Oriel Chambers, 14 Water Street, Liverpool, L2 8TD – Visit Now
Oriel Chambers lies nestled between the grandeur of Water Street’s two other famous residents – Liverpool Town Hall and the Liver Building. Sit on the steps of the India Buildings opposite and admire this Grade I-listed wonder, controversial when it was first built, but described by art and history scholar Nikolaus Pevsner as “one of the most remarkable buildings of its time in Europe.”
The protruding cellular windows from which Oriel Chambers takes its name (oriel being the term for the bay windows that are lined up along Oriel Chambers’ front) seem like an attempt by the building to crawl out from of the shadows cast by its towering neighbours – and, in a way, they do just that. The lightness and delicacy of Oriel Chambers’ glassy façade sets it apart from the heavy classicism that surrounds it.
Oriel Chambers’ bay windows seem like an attempt by the building to crawl out from of the shadows cast by its towering neighbours
Designed by Peter Ellis in 1864, Oriel Chambers is one of only two known works by the architect, along with nearby 16 Cook Street. Mocked by his contemporaries for his rejection of Liverpool’s favoured Gothic style, and humiliated in the press, Ellis is thought to have put down his pencil and prematurely ended his career as an architect following their completion – although he may have had involvement in other projects, there was no further recognition of his work.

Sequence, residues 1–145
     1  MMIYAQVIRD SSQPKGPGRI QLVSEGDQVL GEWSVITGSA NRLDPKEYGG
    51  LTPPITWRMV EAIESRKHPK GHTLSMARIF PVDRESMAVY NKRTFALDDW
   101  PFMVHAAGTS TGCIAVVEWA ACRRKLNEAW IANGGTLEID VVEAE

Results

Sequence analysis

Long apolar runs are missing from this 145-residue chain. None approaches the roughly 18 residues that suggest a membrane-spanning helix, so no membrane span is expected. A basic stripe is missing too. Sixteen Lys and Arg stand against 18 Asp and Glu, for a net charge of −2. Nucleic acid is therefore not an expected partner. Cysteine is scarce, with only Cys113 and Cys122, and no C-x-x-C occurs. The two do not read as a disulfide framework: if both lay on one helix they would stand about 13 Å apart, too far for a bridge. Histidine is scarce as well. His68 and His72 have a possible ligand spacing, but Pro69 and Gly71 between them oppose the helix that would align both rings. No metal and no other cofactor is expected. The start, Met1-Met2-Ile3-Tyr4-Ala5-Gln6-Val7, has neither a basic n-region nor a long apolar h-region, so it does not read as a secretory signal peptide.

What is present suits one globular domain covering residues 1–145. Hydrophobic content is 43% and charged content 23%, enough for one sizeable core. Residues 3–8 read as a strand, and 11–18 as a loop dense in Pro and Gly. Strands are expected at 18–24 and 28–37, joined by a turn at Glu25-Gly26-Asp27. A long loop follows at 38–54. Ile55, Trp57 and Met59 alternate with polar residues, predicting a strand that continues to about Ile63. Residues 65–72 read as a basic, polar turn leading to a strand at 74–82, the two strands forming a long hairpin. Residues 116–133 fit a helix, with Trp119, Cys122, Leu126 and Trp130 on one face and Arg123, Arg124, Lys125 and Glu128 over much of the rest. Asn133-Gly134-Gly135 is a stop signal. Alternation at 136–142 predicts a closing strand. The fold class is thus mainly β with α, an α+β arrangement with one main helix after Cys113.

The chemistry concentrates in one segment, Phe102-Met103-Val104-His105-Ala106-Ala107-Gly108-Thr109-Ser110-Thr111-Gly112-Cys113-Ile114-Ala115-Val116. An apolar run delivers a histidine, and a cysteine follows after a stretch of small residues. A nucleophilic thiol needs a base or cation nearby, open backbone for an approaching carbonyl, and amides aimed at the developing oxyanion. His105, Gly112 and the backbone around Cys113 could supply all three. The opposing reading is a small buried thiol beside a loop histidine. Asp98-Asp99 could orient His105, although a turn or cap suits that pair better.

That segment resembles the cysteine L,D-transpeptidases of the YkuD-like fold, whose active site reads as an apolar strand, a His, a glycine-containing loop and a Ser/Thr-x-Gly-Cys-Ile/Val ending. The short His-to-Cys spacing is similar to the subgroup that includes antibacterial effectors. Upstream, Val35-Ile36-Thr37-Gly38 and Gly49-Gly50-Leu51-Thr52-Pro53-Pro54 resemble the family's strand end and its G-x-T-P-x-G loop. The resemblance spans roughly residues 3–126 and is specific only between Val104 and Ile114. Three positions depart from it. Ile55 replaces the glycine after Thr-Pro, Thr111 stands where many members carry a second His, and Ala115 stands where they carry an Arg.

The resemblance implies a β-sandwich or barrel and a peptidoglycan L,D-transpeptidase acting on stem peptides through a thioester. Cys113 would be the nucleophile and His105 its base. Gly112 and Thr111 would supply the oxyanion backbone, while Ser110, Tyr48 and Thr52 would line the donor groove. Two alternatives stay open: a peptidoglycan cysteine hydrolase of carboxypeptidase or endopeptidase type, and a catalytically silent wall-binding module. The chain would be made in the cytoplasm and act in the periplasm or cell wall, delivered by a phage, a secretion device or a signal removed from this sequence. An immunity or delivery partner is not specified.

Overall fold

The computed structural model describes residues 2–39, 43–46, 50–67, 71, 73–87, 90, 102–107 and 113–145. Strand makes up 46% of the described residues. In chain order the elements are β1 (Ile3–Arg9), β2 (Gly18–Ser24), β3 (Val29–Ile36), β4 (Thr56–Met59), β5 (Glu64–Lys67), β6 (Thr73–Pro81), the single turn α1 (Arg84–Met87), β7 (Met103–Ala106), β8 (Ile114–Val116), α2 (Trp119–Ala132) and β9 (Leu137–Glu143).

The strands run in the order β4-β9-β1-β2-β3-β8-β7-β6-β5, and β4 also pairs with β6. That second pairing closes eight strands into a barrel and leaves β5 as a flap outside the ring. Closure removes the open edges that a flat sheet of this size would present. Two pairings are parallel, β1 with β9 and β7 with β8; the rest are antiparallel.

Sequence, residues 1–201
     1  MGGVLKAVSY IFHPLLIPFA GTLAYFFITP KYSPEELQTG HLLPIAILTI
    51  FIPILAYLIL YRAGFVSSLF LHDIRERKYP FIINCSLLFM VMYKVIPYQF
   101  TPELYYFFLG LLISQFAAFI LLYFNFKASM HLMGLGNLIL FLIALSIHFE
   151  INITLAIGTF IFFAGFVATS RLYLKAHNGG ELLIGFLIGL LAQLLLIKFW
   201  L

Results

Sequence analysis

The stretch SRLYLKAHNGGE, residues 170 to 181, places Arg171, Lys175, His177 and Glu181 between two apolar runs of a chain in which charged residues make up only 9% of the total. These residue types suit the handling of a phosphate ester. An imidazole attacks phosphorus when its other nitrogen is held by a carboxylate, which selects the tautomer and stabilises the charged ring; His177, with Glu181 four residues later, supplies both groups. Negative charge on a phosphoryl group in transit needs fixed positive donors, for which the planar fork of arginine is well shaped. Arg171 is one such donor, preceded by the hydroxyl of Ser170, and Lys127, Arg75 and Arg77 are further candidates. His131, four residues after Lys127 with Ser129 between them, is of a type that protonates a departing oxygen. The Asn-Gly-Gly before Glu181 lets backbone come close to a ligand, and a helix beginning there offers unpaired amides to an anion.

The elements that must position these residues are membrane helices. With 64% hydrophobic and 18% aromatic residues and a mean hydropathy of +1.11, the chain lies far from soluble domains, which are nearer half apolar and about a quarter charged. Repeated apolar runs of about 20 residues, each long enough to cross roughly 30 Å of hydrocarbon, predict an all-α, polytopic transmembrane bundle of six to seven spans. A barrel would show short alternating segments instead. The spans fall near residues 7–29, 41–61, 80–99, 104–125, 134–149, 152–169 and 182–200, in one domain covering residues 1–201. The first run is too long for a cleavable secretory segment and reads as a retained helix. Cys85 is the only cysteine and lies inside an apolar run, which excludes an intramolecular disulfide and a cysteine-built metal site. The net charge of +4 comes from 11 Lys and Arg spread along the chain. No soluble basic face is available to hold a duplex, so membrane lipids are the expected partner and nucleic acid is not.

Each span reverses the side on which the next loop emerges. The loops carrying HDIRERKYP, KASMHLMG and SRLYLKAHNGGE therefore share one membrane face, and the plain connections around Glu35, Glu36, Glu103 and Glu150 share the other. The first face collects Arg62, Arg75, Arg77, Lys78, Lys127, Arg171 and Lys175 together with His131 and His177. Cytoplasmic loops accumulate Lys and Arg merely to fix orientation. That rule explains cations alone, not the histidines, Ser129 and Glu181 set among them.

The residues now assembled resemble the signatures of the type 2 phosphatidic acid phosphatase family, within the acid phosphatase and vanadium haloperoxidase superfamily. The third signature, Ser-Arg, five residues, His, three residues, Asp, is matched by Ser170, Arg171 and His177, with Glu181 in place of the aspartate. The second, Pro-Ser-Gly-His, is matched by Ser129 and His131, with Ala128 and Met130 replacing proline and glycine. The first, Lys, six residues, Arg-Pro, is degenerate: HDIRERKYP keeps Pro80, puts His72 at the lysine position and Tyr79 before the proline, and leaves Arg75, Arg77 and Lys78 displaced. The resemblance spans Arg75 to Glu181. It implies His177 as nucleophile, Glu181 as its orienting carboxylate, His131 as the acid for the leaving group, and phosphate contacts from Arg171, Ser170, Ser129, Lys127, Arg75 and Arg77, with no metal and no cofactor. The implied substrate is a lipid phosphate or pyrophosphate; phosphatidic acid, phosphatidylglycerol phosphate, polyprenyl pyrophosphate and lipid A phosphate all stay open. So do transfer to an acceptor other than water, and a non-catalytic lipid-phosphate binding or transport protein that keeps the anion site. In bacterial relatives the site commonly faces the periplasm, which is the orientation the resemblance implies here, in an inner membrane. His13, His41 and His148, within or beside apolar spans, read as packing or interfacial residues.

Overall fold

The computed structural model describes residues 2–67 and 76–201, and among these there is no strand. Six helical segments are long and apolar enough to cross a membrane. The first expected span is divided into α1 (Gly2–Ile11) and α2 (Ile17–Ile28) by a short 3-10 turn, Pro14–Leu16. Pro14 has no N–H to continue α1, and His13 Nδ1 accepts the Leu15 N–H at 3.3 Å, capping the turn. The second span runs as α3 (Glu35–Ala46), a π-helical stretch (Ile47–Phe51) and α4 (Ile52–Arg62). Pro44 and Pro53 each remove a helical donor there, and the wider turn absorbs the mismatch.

Oriel Chambers has since been recognised as the pioneering piece of architecture that it really is. The first modern office building, and arguably the precursor to the skyscraper, its revolutionary cast-iron frame allowed for large expanses of glass to be used on the façades, putting an end to dingy work spaces. Whilst it failed to be an immediate influence on the Liverpool architectural scene, theories suggest that one of Chicago’s proto-modernist champions, John Wellborn Root, a student in Liverpool at the time of their construction, took news of Ellis’work back across the Atlantic with him, informing the buildings he would design some twenty years later.
Atop the building a motto reads “stand sure”– and Oriel Chambers has done just that. Faced with harsh criticism from the outset, as well as being another of Liverpool’s Blitz casualties, the building has suffered some hardships in its lifetime. Still in use today as was originally intended 150 years ago, it must be said that Ellis got something right.